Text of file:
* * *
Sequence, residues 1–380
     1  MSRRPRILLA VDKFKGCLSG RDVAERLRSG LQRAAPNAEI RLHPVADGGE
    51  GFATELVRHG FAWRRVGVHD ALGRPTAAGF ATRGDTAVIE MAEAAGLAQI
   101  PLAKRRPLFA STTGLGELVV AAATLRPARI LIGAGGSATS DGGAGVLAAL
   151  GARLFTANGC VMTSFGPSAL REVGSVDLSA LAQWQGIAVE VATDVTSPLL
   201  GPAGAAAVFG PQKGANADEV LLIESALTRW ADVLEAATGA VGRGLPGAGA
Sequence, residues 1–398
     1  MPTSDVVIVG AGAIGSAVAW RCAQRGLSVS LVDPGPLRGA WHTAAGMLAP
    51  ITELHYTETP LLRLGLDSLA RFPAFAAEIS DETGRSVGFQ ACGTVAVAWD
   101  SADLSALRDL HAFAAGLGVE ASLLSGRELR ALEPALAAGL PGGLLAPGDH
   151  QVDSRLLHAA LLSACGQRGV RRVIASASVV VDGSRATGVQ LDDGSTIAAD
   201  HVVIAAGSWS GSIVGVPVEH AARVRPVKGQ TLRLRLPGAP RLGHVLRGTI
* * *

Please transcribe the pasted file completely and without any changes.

Sequence, residues 1–380
     1  MSRRPRILLA VDKFKGCLSG RDVAERLRSG LQRAAPNAEI RLHPVADGGE
    51  GFATELVRHG FAWRRVGVHD ALGRPTAAGF ATRGDTAVIE MAEAAGLAQI
   101  PLAKRRPLFA STTGLGELVV AAATLRPARI LIGAGGSATS DGGAGVLAAL
   151  GARLFTANGC VMTSFGPSAL REVGSVDLSA LAQWQGIAVE VATDVTSPLL
   201  GPAGAAAVFG PQKGANADEV LLIESALTRW ADVLEAATGA VGRGLPGAGA
Sequence, residues 1–398
     1  MPTSDVVIVG AGAIGSAVAW RCAQRGLSVS LVDPGPLRGA WHTAAGMLAP
    51  ITELHYTETP LLRLGLDSLA RFPAFAAEIS DETGRSVGFQ ACGTVAVAWD
   101  SADLSALRDL HAFAAGLGVE ASLLSGRELR ALEPALAAGL PGGLLAPGDH
   151  QVDSRLLHAA LLSACGQRGV RRVIASASVV VDGSRATGVQ LDDGSTIAAD
   201  HVVIAAGSWS GSIVGVPVEH AARVRPVKGQ TLRLRLPGAP RLGHVLRGTI